Jane Temoshok, October 12, 2001


NOAA Teacher at Sea
Jane Temoshok
Onboard NOAA Ship Ronald H. Brown
October 2 – 24, 2001

Mission: Eastern Pacific Investigation of Climate Processes
Geographical Area: Eastern Pacific
Date: October 12, 2001

Latitude: 7 ºS
Longitude: 95 ºW
Air Temp: 21.2 ºC
Sea Temp: 21.1ºC
Sea Wave: 3 -4 ft.
Swell Wave: 3 – 5 ft.
Visibility: 8 miles
Cloud cover: 8/8

Science Log

ARGO

An ARGO Float is a small (about 3 feet in length) black tubular shaped instrument that measures temperature and salinity in the water. It’s interesting particularly because it is so simple. The middle part of the instrument, called a bladder, is made of a thick rubber material that can inflated like a balloon. It has a pump inside that inflates or deflates the bladder which changes its volume while keeping the mass the same. A deflated state has an increased density which makes the ARGO sink to a depth of 900 meters below the surface. There it drifts for 10 days collecting data. Then the bladder is inflated so the ARGO rises to the surface and transmits its data to a satellite. When the transmission is complete, it deflates again and begins the whole process anew. This will go on for four years! As part of an international project Dr. Weller, our Chief Scientist, and a group of scientists hope to have 3000 of these in the water all over the world collecting data. We will be deploying a total of 6 at the points marked on the photo. The one you see in the photo was deployed at 2.5 ºS.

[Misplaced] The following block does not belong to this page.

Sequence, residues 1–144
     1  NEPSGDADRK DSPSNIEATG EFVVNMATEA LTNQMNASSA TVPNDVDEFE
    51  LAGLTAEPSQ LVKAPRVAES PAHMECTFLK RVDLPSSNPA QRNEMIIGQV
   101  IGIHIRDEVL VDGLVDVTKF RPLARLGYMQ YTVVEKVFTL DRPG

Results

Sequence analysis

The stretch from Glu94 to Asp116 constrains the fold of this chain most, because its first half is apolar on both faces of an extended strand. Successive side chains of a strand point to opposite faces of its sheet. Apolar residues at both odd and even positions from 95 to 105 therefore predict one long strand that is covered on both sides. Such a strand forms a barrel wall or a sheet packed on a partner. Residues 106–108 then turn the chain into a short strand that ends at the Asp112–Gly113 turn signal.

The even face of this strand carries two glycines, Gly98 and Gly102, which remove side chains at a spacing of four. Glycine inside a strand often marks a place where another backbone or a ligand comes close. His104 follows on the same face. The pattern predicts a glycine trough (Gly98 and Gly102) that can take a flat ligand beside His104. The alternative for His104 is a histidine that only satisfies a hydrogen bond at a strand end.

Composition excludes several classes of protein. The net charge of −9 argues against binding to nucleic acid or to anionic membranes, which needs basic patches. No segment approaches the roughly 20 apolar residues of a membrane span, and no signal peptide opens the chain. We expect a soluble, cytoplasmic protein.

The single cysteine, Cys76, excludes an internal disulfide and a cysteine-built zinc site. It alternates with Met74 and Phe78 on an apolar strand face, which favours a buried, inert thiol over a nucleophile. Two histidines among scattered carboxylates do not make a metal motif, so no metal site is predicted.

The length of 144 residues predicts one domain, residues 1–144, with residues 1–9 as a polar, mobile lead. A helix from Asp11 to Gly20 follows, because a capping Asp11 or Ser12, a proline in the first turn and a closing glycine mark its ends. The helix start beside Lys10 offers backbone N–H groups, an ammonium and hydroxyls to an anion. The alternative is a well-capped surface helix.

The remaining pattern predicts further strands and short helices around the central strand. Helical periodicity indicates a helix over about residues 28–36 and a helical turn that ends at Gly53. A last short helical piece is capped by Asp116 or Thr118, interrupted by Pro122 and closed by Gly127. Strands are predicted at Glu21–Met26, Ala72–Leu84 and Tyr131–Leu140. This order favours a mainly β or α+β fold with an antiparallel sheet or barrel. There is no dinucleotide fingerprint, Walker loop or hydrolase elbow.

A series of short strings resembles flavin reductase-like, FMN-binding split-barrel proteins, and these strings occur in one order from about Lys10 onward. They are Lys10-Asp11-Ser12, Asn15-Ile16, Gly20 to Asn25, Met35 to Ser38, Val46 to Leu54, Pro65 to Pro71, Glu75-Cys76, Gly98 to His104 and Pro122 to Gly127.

Temoshok 10-12-01 argo

An ARGO Float is a small (about 3 feet in length) black tubular shaped instrument that measures temperature and salinity in the water.

Temoshok 10-12-01 argomap

Map of ARGO float deployments. We will be deploying a total of 6 floats at the points marked on the photo.

Temoshok 10-12-01 argoplan

The ARGO float deployment plan.

Temoshok 10-12-01 wellerargo

Dr. Weller, our Chief Scientist, holds an ARGO float.

Temoshok 10-12-01 wellerargo2

This ARGO float was deployed at 2.5 ºS.

Travel Log

Pilot Whales – My first sighting of whales. So beautiful and graceful. Not good for picture taking though because they blend in so well with the ocean. The weather is fine with a high cloud cover and light winds and no rain.

The crew says this is the calmest water they’ve been in all year! Lucky me!

Question of the day: What would happen to an ordinary styrofoam cup at at depth of 900 m.?

Keep in touch,
Jane

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